Gas industry eager for market reach of new pipeline
The expected completion of the Ruby Pipeline is just under six months off, but it can’t come too soon for energy companies in the Piceance Basin.
The Ruby Pipeline, a $3 billion project, will carry natural gas from wells in the Rocky Mountains to markets on the West Coast.
“Just like when the last leg of the Transcontinental Railroad was finished, lots more product could be moved to lots more places,” said David Ludlam, executive director of the West Slope Colorado Oil and Gas Association. “The Ruby is our transcontinental. Short-term and long-term benefits will result as western Colorado competes for future investment in the region’s abundant natural gas resources.”
For the moment, energy companies are looking elsewhere for profits, especially with efforts to capitalize on an oil find in eastern Colorado and so-called wet-gas reservoirs in other formations around the country.
Energy companies such as BJ Services, Exxon Mobil and Noble Energy have shifted their focus from the Piceance Basin while noting they remain committed to the region.
The Piceance remains “one of our key business areas,” said Jon Ekstrom, spokesman for Houston-based Noble Energy. The company, however, is shifting resources from the Piceance to more lucrative resources elsewhere because of relatively low natural gas prices.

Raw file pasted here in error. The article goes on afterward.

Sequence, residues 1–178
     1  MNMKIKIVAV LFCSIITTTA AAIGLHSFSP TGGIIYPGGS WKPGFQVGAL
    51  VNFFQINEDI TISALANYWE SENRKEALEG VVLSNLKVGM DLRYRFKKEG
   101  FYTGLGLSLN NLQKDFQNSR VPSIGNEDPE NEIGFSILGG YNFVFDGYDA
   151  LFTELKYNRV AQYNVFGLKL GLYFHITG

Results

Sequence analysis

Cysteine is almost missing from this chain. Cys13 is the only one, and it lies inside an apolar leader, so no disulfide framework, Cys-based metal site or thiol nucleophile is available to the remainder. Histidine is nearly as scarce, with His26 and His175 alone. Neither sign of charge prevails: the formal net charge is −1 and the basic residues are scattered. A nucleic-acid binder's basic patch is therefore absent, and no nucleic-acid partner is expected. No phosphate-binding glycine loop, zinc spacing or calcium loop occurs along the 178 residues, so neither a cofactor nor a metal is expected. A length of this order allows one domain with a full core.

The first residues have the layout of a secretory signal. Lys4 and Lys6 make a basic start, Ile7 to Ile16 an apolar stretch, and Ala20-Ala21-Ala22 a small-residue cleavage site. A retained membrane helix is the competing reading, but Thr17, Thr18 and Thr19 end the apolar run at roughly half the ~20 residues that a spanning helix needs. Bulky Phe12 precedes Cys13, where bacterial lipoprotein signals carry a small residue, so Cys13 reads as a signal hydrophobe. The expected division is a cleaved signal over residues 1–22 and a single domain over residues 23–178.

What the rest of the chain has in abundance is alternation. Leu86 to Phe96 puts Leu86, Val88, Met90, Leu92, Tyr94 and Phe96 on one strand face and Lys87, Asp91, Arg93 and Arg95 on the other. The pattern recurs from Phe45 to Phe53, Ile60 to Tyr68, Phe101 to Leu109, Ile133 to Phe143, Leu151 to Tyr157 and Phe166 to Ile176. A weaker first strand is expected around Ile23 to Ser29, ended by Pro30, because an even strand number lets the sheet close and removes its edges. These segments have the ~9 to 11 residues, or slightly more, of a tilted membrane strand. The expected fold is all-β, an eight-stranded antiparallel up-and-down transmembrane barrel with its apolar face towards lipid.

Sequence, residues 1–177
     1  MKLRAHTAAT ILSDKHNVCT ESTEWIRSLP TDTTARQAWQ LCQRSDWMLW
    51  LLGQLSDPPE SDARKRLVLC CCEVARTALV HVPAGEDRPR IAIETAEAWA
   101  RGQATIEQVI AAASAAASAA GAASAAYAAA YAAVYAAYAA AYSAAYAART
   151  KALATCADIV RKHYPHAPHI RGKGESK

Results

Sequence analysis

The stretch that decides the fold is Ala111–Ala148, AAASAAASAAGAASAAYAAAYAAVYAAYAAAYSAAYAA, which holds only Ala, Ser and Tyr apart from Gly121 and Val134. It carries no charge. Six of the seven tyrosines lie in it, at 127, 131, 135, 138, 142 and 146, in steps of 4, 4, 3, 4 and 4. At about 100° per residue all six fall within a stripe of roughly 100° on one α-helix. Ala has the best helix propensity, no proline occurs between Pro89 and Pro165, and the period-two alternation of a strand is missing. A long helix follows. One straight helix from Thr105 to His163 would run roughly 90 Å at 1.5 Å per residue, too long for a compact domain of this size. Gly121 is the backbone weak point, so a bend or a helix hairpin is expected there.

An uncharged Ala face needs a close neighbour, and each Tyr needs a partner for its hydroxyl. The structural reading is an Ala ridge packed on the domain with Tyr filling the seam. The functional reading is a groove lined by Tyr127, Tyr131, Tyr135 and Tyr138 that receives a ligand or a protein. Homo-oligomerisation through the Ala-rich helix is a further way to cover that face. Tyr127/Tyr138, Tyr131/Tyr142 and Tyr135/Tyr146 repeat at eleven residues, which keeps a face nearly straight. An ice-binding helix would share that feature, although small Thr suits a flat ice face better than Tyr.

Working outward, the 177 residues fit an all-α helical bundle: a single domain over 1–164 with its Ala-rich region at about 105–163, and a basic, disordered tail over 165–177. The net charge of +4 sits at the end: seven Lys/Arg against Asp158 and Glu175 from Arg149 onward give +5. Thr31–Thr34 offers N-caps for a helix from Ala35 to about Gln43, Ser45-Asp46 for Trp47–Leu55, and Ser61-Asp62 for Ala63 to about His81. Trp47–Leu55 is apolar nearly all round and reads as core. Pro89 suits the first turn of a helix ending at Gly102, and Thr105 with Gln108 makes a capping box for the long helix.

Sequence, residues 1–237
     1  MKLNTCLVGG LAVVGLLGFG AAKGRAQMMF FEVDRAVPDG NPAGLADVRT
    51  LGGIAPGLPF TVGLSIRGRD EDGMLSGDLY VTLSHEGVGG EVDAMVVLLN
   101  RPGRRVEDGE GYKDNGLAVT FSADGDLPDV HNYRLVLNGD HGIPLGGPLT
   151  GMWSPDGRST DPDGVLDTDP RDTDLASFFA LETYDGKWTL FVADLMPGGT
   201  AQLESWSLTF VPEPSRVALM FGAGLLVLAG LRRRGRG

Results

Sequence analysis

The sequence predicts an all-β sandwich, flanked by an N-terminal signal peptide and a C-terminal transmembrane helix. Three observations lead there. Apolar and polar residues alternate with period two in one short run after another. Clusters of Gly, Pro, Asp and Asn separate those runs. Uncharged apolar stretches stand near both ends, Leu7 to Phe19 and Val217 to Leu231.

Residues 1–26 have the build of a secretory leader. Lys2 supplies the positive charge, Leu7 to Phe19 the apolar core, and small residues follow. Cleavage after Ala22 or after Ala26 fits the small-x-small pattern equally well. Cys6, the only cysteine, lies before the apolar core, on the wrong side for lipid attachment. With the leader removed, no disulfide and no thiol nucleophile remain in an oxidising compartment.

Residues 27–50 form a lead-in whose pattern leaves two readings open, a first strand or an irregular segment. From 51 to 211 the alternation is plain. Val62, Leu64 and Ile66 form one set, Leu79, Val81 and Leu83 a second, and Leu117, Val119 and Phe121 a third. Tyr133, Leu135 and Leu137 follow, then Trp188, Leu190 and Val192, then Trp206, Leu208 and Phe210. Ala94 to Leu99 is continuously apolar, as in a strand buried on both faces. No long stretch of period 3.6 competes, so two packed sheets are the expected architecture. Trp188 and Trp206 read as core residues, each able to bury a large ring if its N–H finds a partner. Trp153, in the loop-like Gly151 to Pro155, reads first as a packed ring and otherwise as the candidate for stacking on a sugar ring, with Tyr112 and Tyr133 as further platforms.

“It’s the ebb and flow of business,” Ekstrom said.
Once the Ruby Pipeline opens, producers in the Piceance Basin will be able to choose between markets to the east and west rather than just those to the east, said Carter Mathies, president of Clover Energy Services Inc. in Grand Junction and an industry observer.
“The remaining issue is that the country is oversupplied and will continue to be so until we see meaningful recovery in the manufacturing sector,” Mathies said.
The Ruby Pipeline, which former Gov. Bill Ritter lobbied the Obama administration to approve, will stretch 680 miles from the Opal Hub in the southwest corner of Wyoming to Malin, Ore. The 42-inch pipeline has an initial design capacity of up to 1.5 billion cubic feet per day.